The diamond mesh size inside a cutting tool also directly concerns the volume of crystals per carat as well as the free cutting capacity for the diamond tool. The smaller the mesh size, the larger the diamond crystals, while larger mesh size means smaller diamond. A 30/40 Mesh blocky diamond has about 660 crystals per carat, while a 40/50 Mesh diamond could have 1,700 crystals per carat.
Specifying the proper mesh dimension is the task of the diamond tool manufacturer. Producing the proper amount of cutting points can maximize the life of the tool and reduce the device power requirements. For example, a diamond tool manufacturer may choose to use a finer mesh size to boost the quantity of cutting crystals with a low concentration tool which improves tool life and power requirements.
Diamond Impact Strength
All diamond is just not the identical, and this is also true for the effectiveness of diamonds used in construction applications. The capability of a diamond to resist an impact load is typically termed as diamond impact strength. Other diamond-related factors, like crystal shape, size, inclusions and the distribution of these crystal properties, are involved within the impact strength at the same time.
Impact strength could be measured and is also typically called Toughness Index (TI). In addition, crystals can also be exposed to very high temperatures during manufacturing and in some cases throughout the cutting process. Thermal Toughness Index (TTI) will be the measure of the ability of a diamond crystal to stand up to thermal cycling. Subjecting the diamond crystals to high temperature, allowing them to come back to room temperature, and after that measuring the modification in toughness makes this measurement beneficial to a diamond tool manufacturer.
The company must pick the best diamond based on previous experience or input from the operator inside the field. This decision is based, in part, about the tool’s design, bond properties, material to be cut and Straight core cutting machine. These factors must be balanced by the selection of diamond grade and concentration that will supply the operator with optimum performance in a suitable cost.
On the whole, a better impact strength is essential for further demanding, harder-to-cut materials. However, always using higher impact strength diamond that may be higher priced will not always benefit the operator. It may possibly not improve, and may even degrade tool performance.
A diamond saw blade consists of a circular steel disk with segments containing the diamond that are affixed to the outer perimeter of the blade (Figure 4). The diamonds are kept in place by the segment, which is actually a specially formulated blend of metal bond powders and diamond, that have been pressed and heated in the sintering press with the manufacturer. The diamond and bond are tailor-made to the particular cutting application. The exposed diamonds on the outside from the segment do the cutting. A diamond blade cuts in a manner comparable to how sand paper cuts wood. Because the blade cuts, bond tails are formed dexqpky76 trail behind each diamond (Figure 5). This bond tail provides mechanical support for the diamond crystal. As being the blade rotates from the material, the diamonds chip away at the material being cut (Figure 6).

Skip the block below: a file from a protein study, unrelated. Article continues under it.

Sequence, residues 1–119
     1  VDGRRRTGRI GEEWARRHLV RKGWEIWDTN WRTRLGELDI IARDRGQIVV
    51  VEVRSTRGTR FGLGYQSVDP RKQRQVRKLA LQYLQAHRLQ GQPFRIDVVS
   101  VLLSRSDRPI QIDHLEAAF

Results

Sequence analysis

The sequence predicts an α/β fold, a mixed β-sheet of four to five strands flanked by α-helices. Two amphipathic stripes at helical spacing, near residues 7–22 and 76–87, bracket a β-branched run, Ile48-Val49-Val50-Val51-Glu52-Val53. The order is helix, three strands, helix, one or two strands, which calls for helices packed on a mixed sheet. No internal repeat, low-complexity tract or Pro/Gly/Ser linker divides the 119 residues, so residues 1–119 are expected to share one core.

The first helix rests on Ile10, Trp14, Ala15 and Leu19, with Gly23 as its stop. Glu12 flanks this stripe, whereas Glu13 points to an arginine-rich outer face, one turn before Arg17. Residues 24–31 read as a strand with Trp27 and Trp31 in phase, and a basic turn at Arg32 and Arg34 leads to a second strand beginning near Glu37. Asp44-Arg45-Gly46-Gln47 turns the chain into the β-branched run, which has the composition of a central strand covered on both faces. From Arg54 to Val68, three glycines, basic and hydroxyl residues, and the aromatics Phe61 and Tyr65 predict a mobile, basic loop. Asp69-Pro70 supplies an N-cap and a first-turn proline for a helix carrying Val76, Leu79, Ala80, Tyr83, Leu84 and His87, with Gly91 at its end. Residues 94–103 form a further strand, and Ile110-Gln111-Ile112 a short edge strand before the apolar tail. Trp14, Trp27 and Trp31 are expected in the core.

The best lifetime of a diamond starts overall crystal that becomes exposed with the segment bond matrix. Because the blade actually starts to cut, a tiny wear-flat develops and a bond tail develops behind the diamond. Eventually, small microfractures develop, although the diamond is still cutting well. Then this diamond actually starts to macrofracture, and eventually crushes (Figure 7). Here is the last stage of the diamond before it experiences a popout, where diamond quite literally pops out from the bond. The blade will continue to serve as its cutting action is bought out with the next layer of diamonds which can be interspersed throughout the segment.
The metal bond matrix, which can be created from iron, cobalt, nickel, bronze or some other metals in a variety of combinations, is designed to wear away after many revolutions in the blade. Its wear rate is designed so that it will wear at a rate that can provide maximum retention of your diamond crystals and protrusion through the matrix so they can cut.
The diamond and bond interact and it is around the maker to provide the very best combination based on input from the cutting contractor given specific cutting requirements. Critical factors for both sides to handle will be the bond system, material being cut and machine parameters. The combination of diamond and bond accomplishes numerous critical functions.